# confusing statistical terms

### Six terms that mean something different statistically and colloquially

November 8th, 2021 by

by Kim Love and Karen Grace-Martin

Sometimes different terms are used to mean the same thing, often in different fields of application. Sometimes the same term is used to mean different things. And sometimes very similar terms are used to describe related but distinct statistical concepts.

### Series on Easy-to-Confuse Statistical Concepts

September 29th, 2020 by

There are many statistical concepts that are easy to confuse.

Sometimes the problem is the terminology. We have a whole series of articles on Confusing Statistical Terms.

But in these cases, it’s the concepts themselves. Similar, but distinct concepts that are easy to confuse.

Some of these are quite high-level, and others are fundamental. For each article, I’ve noted the Stage of Statistical Skill at which you’d encounter it.

So in this series of articles, I hope to disentangle some of those similar, but distinct concepts in an intuitive way.

### Stage 3 Statistical Concepts

#### The Difference Between:

Are there concepts you get mixed up? Please leave it in the comments and I’ll add to my list.

### Member Training: Confusing Statistical Terms

February 28th, 2020 by

Learning statistics is difficult enough; throw in some especially confusing terminology and it can feel impossible! There are many ways that statistical language can be confusing.

Some terms mean one thing in the English language, but have another (usually more specific) meaning in statistics.  (more…)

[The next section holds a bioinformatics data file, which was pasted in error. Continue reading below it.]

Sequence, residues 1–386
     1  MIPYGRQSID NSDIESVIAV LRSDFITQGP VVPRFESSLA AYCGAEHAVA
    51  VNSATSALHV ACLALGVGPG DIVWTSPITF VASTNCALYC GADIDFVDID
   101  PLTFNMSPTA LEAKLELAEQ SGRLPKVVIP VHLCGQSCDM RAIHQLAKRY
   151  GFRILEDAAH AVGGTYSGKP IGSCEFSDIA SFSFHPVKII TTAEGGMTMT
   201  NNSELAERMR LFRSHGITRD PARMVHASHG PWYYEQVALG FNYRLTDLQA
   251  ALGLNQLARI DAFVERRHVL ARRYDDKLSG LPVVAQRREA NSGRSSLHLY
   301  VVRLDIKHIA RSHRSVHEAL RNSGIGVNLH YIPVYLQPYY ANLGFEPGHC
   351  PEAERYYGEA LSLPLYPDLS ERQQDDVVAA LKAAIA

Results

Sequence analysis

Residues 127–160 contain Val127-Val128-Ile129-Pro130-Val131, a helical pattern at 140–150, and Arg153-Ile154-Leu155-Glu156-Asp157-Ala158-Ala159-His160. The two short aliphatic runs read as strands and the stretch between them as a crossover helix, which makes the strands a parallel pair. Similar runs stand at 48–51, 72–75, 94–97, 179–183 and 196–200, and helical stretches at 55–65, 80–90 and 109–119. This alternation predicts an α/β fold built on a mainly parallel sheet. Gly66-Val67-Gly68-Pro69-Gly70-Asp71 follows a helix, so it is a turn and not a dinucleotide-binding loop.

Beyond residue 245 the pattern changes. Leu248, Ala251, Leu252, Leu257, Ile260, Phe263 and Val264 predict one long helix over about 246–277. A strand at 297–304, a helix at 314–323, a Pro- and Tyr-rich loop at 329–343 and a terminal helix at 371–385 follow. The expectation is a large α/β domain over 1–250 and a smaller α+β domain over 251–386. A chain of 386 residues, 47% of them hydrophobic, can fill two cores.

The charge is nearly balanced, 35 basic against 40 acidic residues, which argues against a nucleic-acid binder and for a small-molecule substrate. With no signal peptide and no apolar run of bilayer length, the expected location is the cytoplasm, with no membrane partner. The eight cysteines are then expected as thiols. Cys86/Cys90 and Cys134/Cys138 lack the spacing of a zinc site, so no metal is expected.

### Confusing Statistical Term #8: Odds

December 10th, 2019 by

Odds is confusing in a different way than some of the other terms in this series.

First, it’s a bit of an abstract concept, which I’ll explain below.

But beyond that, it’s confusing because it is used in everyday English as a synonym for probability, but it’s actually a distinct technical term.

I found this incorrect definition recently in a (non-statistics) book: (more…)

### Confusing Statistical Term #7: GLM

August 9th, 2012 by

Like some of the other terms in our list–level and  beta–GLM has two different meanings.

It’s a little different than the others, though, because it’s an abbreviation for two different terms:

General Linear Model and Generalized Linear Model.

It’s extra confusing because their names are so similar on top of having the same abbreviation.

And, oh yeah, Generalized Linear Models are an extension of General Linear Models.

And neither should be confused with Generalized Linear Mixed Models, abbreviated GLMM.

Naturally. (more…)